Britain has invited Mahmoud Jebril, a member of the rebel Libyan National Council, to London although he is not formally invited to the conference, a diplomatic source said.
Some 40 governments and international organizations will discuss stepping up humanitarian aid, and call for a political process to enable Libyans to choose their own future.
Meanwhile the American president Obama said NATO would take over full command of military operations from the United States on Wednesday. Obama vowed to work with allies to hasten Gaddafi's exit from power but said he would not use force to topple him -- as his predecessor President George W. Bush did in ousting Saddam Hussein in the 2003 U.S.-led invasion of Iraq.
"To be blunt, we went down that road in Iraq," Obama told an audience of military officers in Washington. "But regime change there took eight years, thousands of American and Iraqi lives, and nearly a trillion dollars. That is not something we can afford to repeat in Libya."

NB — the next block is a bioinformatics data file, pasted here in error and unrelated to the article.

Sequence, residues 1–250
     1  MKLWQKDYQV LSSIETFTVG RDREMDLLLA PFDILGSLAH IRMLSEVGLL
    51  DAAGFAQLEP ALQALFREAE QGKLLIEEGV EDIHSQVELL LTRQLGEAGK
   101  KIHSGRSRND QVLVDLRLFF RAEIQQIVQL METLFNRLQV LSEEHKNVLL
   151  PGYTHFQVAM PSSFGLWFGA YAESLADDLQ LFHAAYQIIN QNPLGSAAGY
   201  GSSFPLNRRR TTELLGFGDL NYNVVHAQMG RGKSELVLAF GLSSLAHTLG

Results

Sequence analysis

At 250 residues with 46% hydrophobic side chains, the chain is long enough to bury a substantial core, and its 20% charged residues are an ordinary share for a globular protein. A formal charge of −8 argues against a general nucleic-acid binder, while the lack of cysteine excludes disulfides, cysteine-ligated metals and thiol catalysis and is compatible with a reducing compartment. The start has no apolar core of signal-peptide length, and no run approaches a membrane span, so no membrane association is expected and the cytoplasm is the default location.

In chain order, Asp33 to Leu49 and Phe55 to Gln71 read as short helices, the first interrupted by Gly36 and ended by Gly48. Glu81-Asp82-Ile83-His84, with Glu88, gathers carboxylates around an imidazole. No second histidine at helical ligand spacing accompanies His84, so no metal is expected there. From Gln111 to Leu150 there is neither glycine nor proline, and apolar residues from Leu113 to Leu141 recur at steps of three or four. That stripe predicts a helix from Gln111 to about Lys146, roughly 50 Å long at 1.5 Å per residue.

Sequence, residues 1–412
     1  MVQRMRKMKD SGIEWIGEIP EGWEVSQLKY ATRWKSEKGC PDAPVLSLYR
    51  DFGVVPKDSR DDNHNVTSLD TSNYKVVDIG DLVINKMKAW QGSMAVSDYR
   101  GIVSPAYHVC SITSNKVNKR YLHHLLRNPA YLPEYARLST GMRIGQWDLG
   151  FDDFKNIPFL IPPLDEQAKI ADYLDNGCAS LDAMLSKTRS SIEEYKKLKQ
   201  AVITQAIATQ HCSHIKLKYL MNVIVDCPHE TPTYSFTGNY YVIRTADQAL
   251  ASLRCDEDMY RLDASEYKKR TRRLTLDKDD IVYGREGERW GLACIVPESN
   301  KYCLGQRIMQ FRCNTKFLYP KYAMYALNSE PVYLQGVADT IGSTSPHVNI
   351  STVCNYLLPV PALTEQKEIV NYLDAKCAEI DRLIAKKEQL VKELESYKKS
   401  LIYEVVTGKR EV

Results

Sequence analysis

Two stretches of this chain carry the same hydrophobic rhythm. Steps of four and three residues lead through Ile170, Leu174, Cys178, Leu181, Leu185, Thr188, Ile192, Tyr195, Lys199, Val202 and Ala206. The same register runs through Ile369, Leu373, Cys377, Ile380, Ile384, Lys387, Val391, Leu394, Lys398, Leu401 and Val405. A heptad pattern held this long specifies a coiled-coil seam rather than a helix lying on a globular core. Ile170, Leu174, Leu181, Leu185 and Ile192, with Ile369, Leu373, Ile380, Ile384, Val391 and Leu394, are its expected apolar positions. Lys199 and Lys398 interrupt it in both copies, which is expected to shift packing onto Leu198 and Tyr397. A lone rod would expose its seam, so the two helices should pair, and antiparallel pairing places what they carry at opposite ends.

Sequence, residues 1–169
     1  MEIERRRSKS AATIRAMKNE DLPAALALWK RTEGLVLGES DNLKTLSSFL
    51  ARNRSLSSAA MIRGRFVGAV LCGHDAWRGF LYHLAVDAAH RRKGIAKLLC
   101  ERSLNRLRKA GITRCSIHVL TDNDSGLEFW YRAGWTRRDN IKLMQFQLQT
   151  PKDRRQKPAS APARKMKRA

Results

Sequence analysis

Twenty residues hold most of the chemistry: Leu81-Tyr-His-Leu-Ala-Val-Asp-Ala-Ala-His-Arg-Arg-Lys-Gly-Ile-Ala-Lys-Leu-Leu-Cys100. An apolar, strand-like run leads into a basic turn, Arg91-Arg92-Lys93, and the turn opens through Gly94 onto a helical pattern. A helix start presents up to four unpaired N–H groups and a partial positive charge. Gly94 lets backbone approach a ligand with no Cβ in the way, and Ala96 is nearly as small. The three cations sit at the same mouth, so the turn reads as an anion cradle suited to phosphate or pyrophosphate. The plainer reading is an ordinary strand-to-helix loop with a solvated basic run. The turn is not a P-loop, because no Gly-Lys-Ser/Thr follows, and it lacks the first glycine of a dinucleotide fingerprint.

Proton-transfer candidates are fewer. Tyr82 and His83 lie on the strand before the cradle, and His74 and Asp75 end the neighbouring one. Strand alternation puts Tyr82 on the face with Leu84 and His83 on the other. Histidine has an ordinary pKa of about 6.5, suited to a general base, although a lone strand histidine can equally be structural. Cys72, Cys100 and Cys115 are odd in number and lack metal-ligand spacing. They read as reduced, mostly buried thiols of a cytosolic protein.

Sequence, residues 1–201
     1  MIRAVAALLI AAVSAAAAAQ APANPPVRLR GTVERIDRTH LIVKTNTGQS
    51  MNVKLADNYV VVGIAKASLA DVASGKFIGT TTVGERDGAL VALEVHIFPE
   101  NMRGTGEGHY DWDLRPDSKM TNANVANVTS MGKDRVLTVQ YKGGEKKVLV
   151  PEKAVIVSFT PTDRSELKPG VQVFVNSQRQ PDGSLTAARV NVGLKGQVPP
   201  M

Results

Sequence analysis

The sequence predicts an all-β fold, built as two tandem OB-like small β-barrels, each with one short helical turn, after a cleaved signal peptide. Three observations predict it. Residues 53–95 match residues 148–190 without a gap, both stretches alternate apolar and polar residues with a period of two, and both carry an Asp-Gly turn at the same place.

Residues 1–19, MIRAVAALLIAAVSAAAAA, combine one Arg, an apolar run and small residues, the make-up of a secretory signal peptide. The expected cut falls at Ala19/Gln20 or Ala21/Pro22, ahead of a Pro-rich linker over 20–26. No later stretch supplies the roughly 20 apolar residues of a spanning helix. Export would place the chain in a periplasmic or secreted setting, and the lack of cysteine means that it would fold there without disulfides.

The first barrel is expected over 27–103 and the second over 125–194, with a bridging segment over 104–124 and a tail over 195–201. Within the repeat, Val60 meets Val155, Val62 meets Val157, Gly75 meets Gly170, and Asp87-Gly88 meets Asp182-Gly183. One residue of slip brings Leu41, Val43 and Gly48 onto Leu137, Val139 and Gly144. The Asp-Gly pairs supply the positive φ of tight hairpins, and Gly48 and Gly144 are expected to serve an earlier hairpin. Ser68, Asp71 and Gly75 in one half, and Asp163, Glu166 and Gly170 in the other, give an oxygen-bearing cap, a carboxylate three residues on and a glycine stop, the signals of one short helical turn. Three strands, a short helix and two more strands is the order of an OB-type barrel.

Libyan rebels on the road to Sirte (AP)
As militiamen loyal to Muammar Gaddafi braced for a possible rebel attack on Monday on the Libyan leader’s hometown of Sirte, Turkish Prime Minister Recep Tayyip Erdoğan stated his government’s readiness to act as a mediator to broker an early cease-fire. Erdogan said this in an interview with The Guardian that was published on Monday. 'We will take steps to do that within the framework of NATO, the Arab League and African Union, if the two parties to the conflict requested Turkey to play the role of mediator,' Erdoğan said in te interview.
Turkey is assuming control of the Benghazi airport, and sending naval forces to patrol the corridor between the rebel-held city and Crete, as it prepares to join a London meeting on the international response to Libya.
Prime Minister Recep Tayyip Erdoğan said Monday that Turkey would take control of the airport in order to coordinate humanitarian assistance to the crisis-hit North African country as part of the multinational task force now under NATO command.